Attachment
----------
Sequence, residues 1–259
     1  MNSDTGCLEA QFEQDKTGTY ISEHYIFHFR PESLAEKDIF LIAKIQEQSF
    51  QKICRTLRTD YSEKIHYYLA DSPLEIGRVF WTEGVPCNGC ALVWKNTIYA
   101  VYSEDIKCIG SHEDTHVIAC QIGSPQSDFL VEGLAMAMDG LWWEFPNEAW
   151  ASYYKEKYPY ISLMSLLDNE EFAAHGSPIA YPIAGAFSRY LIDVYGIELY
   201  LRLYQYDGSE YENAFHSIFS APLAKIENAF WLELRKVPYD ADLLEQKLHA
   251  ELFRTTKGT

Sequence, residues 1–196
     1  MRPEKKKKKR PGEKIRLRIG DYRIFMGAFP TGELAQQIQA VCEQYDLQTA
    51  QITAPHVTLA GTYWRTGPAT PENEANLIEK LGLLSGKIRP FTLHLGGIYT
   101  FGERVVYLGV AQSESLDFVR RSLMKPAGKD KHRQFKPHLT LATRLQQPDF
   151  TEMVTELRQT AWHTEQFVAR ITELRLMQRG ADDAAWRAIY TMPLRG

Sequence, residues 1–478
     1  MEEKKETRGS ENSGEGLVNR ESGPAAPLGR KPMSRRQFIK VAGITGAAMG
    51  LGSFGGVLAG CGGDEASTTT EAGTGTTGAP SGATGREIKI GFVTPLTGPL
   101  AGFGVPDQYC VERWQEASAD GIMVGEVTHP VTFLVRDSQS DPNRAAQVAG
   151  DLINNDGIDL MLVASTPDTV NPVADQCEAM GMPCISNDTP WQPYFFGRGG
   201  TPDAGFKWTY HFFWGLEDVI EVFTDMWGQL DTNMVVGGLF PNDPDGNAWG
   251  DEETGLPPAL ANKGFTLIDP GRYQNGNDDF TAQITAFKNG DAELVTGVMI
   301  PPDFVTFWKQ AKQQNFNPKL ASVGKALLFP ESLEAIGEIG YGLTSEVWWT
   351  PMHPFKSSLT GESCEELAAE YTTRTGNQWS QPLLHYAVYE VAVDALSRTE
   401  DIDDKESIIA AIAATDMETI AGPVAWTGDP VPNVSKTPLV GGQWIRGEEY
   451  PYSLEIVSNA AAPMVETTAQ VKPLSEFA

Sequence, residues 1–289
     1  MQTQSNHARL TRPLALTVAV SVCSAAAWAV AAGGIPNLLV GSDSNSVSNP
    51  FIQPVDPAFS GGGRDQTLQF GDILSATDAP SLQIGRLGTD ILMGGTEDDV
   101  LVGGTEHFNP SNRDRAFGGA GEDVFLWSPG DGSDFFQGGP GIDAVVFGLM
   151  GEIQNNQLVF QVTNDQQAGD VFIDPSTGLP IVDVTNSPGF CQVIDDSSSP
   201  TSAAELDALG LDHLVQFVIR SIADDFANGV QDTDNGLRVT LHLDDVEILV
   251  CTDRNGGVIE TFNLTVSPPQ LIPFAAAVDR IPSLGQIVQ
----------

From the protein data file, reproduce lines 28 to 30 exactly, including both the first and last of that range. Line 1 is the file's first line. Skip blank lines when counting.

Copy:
   151  GEIQNNQLVF QVTNDQQAGD VFIDPSTGLP IVDVTNSPGF CQVIDDSSSP
   201  TSAAELDALG LDHLVQFVIR SIADDFANGV QDTDNGLRVT LHLDDVEILV
   251  CTDRNGGVIE TFNLTVSPPQ LIPFAAAVDR IPSLGQIVQ